18. Categories of Feasibility Study
    • Organizational – how well a proposed system supports the strategic business priorities of the organization
    • Economic – whether expected cost savings, increased revenue, increased profits, reductions in required investment, and other types of benefits will exceed the costs of developing and operating a proposed system
    • Technical Feasibility - Focuses on the reliabilities/capabilities of the hardware and software to meet the needs of the proposed system, and whether they can be acquired or developed in the required time.
    • Operational Feasibility - Focuses on the willingness and ability of the management, employees, customers, suppliers, and others to operate, use, and support the proposed system.
  19. Cost/Benefit Analysis Tangible Costs
    Cost/Benefit Analysis Tangible Costs: Costs and benefits that can be quantified (e.g., cost of hardware and software, employee salaries, and other quantifiable costs needed to develop and implement a solution). Intangible Costs: Costs and benefits that cannot be quantified (e.g., loss of customer goodwill or employee morale caused by errors and disruptions arising from the installation of a new system). Tangible Benefits: Tangible benefits are favorable results (e.g., decrease in payroll costs caused by a reduction in personnel or a decrease in inventory carrying costs caused by a reduction in inventory) Intangible Benefits: Intangible benefits are hard to estimate (e.g., better customer service or faster and more accurate information for management).
  20. Definition of Systems Analysis
    An in-depth study of end user information needs that produces functional requirements that are used as the basis for the design of a new information system
  21. Systems Analysis covers
    • The information needs of a company and end users.
    • The activities, resources, and products of one or more of the present information systems being used.
    • The information system capabilities required to meet information needs of users, and those of other business stakeholders that may use the system.
  22. Study of the organization includes
    • Management Structure
    • People
    • Business Activities
    • Environmental Systems
    • Current Information Systems
  23. Analysis of the Present System
    • Before designing a new system, it is important to study the system to be improved or replaced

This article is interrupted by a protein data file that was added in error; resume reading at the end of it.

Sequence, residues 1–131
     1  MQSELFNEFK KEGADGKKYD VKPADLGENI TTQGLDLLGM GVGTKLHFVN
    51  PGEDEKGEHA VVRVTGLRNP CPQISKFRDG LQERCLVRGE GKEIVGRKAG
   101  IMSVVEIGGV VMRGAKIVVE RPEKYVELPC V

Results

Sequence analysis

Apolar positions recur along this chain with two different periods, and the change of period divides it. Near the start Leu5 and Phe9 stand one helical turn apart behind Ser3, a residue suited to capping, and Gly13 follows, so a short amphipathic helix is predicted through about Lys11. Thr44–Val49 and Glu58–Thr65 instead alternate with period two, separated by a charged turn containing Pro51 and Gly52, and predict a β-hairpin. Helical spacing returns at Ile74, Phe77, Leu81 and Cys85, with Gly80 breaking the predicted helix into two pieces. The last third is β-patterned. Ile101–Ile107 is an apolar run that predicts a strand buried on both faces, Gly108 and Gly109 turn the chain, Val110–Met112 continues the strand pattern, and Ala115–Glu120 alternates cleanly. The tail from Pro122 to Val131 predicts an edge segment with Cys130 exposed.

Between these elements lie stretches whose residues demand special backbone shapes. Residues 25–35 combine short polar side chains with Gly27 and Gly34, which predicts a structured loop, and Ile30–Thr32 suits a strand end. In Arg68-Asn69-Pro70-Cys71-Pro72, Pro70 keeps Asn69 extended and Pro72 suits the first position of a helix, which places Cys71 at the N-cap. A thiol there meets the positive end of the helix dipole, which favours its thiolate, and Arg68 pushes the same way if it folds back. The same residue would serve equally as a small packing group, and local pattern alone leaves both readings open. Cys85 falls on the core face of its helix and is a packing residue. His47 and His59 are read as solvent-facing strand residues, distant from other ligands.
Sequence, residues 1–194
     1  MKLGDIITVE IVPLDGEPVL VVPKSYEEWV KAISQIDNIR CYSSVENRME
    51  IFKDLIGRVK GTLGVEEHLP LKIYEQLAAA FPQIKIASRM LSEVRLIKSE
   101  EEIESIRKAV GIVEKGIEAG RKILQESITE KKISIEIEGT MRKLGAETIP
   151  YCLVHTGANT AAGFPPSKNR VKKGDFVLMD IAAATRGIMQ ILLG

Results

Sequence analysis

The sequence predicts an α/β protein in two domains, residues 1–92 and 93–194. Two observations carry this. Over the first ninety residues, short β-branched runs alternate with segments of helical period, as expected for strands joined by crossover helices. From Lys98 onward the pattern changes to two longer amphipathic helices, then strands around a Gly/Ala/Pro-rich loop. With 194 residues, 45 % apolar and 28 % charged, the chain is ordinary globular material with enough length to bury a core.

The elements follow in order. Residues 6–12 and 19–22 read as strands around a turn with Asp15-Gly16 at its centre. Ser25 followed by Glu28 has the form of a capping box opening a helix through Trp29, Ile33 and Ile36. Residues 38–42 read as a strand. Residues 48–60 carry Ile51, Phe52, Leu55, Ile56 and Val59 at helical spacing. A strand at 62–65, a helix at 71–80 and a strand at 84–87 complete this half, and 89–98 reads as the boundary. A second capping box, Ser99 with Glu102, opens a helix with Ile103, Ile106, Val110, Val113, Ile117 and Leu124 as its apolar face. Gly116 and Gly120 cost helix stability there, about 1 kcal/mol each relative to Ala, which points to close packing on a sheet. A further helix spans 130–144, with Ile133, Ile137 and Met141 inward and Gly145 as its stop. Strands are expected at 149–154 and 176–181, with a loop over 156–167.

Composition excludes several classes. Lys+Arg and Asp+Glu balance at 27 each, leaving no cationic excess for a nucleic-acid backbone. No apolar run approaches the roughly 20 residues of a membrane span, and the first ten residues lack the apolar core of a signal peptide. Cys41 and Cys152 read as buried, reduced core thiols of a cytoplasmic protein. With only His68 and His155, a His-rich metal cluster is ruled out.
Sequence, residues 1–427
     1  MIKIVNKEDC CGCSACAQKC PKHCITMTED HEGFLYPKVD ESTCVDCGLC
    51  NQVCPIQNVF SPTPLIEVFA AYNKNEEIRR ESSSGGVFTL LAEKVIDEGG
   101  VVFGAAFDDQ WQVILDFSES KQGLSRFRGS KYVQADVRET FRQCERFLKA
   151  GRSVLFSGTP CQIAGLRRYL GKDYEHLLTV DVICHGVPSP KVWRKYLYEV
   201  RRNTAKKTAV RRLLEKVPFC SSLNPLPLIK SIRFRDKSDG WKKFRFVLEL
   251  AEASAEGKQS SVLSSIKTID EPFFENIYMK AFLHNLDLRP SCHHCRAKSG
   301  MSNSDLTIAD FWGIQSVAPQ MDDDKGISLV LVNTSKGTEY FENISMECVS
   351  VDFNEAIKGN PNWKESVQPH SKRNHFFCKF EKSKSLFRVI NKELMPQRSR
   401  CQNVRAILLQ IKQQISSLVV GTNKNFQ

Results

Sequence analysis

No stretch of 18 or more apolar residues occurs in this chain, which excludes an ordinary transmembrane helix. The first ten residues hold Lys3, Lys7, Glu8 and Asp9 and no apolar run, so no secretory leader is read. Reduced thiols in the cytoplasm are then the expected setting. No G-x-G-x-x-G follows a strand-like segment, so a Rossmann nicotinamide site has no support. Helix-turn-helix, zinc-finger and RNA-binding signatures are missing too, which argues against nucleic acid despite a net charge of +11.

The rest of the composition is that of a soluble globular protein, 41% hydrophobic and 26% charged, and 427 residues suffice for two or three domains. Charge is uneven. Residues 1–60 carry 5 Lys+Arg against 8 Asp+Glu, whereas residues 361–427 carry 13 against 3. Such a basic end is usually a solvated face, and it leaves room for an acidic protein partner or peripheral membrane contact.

• Hardware and software
    • Network
    • People resources used to convert data resources into information products
    • System activities of input, processing, output, storage, and control
  24. Logical Analysis
    • A logical model is a blueprint of the current system
    • It displays what the current system does, without regard to how it does it
    • It allows an analyst to understand the processes, functions, and data associated with a system without getting bogged down with hardware and software
  25. Functional Requirements of System Analysis
    This step of systems analysis is one of the most difficult: Determine what type of information each business activity requires Try to determine the information processing capabilities required for each system activity The goal is to identify what should be done, not how to do it
  26. Examples of Functional Requirements of System Analysis are
    • User Interface: automatic entry of product data and easy-to-use data entry screens for Web customers
    • Processing: fast, automatic calculation of sales totals and shipping costs
    • Storage: fast retrieval and update of data from product, pricing, and customer databases
    • Control: signals for data entry errors and quick e-mail confirmation for customers
  27. Definition of Systems Design
    An in-depth study of end user information needs that produces functional requirements that are used as the basis for the design of a new information system
  28. User Interface Design
    • Focuses on supporting the interactions between end users and their computer-based applications
    • Designers concentrate on the design of attractive and efficient forms of user input and output
    • Frequently a prototyping process
    • Produces detailed design specifications for information products, such as display screens
  29. Checklist for Corporate Websites
    • Remember the customer – successful websites are built solely for the customer
    • Aesthetics – successful designs combine fast-loading graphics and simple color palettes for pages that are easy to read
    • Broadband Content – the Web’s coolest stuff can’t be accessed by most Web surfers; don’t make it the focus of a site
    • Easy to navigate – make sure it’s easy to get from one part of site to another
    • Searchability – include a useful search engine
    • Incompatibilities – test site with target web browsers
    • Registration forms – short registration forms are a useful way to gather customer data
    • Dead links – be sure to keep links updated
  30. System Specifications and Examples
    • User interface specifications:
    • Use personalized screens that welcome repeat Web customers and that make product recommendations
    • Database
    • Develop databases that use object/relational database management software to organize access to all customer and inventory data and to multimedia product information
  31. Software specifications
    Acquire an e-commerce software engine to process all e-commerce transactions with fast responses, i.e., retrieve necessary product data and compute all sales amounts in less than one second
  32. Hardware and network specifications
    Install redundant networked Web servers and sufficient high-bandwidth telecommunications lines to host the company e-commerce website
  33. Personnel specifications
    Hire an e-commerce manager and specialists and a webmaster and Web designer to plan, develop, and manage e-commerce operations
  34. End User Development
    • IS professionals play a consulting role, while users do their own application development
    • A staff of user consultants may be available to help with analysis, design, and installation
  35. Other support
    • Application package training
    • Hardware and software advice
    • Help gaining access to organization databases